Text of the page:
By Christian Holub
May 30, 2019 at 11:57 AM EDT
Chip Somodevilla/Getty Images; Will Heath/NBC

Special counsel Robert Mueller’s investigation into the 2016 presidential election is over, but some people want more. Robert De Niro, who has played Mueller in recent cameo appearances on Saturday Night Live, wrote an open letter to the former FBI chief in The New York Times on Wednesday. Although Mueller had just given a press conference that day summarizing the contents of his much-publicized “Mueller report,” De Niro wanted the investigator to talk about it even further.

“You’ve characterized the report as your testimony, but you wouldn’t accept that reason from anyone your office interviewed,” De Niro wrote. “Additional information and illumination emerge from responses to questions. I know you’re as uncomfortable in the spotlight as the president is out of it. I know you don’t want to become part of the political spectacle surrounding Russia’s crimes and your report on them. I know you will, however reluctantly, testify before Congress if called, because you respect the system and follow the rules, and I understand why you’d want to do it away from the public glare. But the country needs to hear your voice. Your actual voice.”

On Wednesday, Mueller spoke publicly to summarize the findings of his two-year investigation into Russian election interference and the report’s inability to clear President Donald Trump of obstruction of justice. “As set forth in our report, after that investigation, if we had confidence that the president clearly did not commit a crime, we would have said that. We did not, however, make a determination as to whether the president did commit a crime. The introduction to volume two of our report explains that decision,” Mueller said. “It explains that under long-standing [Justice] Department policy, a president cannot be charged with a federal crime while he is in office. That is unconstitutional. Even if the charge is kept under seal and hidden from public view — that too is prohibited. The Special Counsel’s Office is part of the Department of Justice and, by regulation, it was bound by that Department policy. Charging the president with a crime was therefore not an option we could consider.”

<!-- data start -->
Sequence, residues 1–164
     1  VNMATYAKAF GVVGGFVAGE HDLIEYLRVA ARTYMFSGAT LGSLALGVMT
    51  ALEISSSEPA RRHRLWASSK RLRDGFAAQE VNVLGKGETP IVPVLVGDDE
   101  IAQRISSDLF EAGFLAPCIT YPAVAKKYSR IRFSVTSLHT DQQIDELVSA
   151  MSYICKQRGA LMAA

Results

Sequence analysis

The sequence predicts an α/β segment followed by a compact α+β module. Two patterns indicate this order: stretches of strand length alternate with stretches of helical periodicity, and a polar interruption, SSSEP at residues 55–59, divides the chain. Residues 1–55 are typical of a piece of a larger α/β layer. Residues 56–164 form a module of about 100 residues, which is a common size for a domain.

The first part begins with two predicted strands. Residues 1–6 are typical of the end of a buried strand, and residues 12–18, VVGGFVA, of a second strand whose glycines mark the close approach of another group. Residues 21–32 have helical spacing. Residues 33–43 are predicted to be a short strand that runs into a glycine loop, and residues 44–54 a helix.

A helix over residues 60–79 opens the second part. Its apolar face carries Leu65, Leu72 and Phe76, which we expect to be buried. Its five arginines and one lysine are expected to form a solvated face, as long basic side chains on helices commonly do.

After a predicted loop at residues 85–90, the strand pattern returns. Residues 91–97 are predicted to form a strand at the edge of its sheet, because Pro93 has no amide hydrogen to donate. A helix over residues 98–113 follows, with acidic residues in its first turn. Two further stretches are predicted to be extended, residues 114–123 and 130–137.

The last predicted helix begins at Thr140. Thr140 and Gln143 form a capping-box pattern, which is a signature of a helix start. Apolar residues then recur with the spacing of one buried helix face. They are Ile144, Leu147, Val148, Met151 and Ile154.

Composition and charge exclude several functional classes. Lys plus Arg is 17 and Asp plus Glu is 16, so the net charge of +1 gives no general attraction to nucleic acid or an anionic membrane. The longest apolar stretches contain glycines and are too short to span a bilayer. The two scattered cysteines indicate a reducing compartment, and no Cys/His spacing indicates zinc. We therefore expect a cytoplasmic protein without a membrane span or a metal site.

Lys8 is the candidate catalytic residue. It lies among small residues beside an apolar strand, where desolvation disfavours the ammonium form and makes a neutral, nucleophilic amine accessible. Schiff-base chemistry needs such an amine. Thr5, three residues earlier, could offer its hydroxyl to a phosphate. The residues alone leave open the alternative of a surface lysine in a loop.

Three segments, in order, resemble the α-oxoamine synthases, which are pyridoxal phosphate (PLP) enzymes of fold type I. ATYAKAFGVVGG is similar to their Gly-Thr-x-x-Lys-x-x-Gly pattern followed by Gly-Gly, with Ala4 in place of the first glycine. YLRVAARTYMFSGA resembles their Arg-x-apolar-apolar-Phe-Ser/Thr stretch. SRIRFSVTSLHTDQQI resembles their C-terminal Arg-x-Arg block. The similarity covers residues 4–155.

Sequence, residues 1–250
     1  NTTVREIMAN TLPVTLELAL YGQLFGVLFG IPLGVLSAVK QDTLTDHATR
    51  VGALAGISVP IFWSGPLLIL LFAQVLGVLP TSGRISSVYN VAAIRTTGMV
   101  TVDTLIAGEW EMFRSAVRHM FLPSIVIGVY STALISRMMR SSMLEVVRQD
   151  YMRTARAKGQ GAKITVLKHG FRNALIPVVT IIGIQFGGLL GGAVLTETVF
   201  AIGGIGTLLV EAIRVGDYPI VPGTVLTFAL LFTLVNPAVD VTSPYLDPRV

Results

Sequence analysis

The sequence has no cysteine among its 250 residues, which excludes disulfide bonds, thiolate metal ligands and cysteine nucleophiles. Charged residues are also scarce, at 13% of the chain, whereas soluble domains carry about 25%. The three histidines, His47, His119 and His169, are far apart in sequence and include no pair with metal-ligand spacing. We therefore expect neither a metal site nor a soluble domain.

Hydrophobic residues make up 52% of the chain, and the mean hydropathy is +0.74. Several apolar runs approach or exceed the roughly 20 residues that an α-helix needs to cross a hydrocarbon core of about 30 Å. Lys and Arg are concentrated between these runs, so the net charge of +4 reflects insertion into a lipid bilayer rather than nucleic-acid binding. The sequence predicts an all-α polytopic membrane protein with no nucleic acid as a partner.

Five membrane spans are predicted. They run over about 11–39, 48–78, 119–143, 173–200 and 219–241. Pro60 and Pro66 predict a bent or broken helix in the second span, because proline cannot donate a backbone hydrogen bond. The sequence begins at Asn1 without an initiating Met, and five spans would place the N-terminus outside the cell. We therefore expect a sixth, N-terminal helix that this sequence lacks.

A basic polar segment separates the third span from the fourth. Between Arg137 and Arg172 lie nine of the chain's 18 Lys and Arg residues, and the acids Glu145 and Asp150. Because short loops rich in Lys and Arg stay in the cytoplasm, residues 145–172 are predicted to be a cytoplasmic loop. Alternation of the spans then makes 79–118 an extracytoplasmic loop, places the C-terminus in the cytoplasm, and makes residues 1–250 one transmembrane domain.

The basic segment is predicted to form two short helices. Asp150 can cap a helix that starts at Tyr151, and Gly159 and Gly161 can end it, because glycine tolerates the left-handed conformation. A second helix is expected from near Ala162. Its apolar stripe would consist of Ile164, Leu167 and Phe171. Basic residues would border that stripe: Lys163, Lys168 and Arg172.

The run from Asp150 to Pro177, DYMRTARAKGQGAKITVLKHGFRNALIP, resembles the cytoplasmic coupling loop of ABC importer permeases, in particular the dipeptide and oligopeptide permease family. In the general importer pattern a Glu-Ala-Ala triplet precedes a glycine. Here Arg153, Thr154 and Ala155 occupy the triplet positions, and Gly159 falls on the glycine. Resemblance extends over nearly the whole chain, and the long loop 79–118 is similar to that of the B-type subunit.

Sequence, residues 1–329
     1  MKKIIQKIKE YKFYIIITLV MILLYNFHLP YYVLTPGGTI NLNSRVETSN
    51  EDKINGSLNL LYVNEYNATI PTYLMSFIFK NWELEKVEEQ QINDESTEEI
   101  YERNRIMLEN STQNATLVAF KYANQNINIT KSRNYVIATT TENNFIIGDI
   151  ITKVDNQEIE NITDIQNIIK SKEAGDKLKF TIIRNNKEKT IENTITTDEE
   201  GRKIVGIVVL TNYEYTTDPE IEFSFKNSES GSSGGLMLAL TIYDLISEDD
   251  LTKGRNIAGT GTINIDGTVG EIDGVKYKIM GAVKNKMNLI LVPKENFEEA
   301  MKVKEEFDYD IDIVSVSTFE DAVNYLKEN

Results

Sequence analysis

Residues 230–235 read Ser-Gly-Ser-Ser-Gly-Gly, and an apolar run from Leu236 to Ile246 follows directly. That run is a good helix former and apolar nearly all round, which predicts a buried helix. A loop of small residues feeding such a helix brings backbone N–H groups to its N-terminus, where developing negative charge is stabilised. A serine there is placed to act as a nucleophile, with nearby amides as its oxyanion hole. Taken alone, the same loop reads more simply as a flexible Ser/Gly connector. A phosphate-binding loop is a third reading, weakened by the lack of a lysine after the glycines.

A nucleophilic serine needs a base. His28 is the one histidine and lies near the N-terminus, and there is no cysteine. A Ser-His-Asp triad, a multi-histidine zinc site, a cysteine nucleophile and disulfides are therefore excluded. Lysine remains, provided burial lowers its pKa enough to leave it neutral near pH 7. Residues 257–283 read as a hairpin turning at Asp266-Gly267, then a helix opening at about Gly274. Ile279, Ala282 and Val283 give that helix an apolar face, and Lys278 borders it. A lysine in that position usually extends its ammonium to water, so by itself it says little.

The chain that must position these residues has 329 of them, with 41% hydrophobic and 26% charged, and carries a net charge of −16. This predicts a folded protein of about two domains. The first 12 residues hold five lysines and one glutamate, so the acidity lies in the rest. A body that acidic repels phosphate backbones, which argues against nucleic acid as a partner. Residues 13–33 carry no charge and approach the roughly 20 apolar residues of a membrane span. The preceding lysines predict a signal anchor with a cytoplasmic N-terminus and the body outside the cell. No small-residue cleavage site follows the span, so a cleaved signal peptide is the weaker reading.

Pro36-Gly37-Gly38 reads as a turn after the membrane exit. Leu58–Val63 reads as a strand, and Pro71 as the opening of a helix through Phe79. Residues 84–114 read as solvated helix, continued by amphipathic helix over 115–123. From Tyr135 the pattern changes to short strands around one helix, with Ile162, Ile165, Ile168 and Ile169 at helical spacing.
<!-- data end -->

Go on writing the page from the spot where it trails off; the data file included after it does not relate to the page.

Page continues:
Later in his statement, Mueller added, “the opinion says that the Constitution requires a process other than the criminal justice system to formally accuse a sitting president of wrongdoing.”

Certain members of Congress took this to mean that, although Mueller had stopped short of formally indicting the president, he had presented enough evidence that political opponents could start an impeachment process against Trump.

“Mueller is playing a game of Taboo with Congress. His word is ‘impeach,'” tweeted Rep. Alexandria Ocasio-Cortez (D-NY).

Sen. Kamala Harris, who is currently running for the Democratic Party’s 2020 presidential nomination, said, “What Robert Mueller basically did was return an impeachment referral. Now it is up to Congress to hold this president accountable. We need to start impeachment proceedings. It’s our constitutional obligation.”

Yet it’s unclear whether Democrats in the House of Representatives will actually move to impeach Trump or not. Speaker of the House Nancy Pelosi is still firmly against it, which may explain why De Niro — a longtime critic of Trump — and others want an even more clear recommendation from Mueller.

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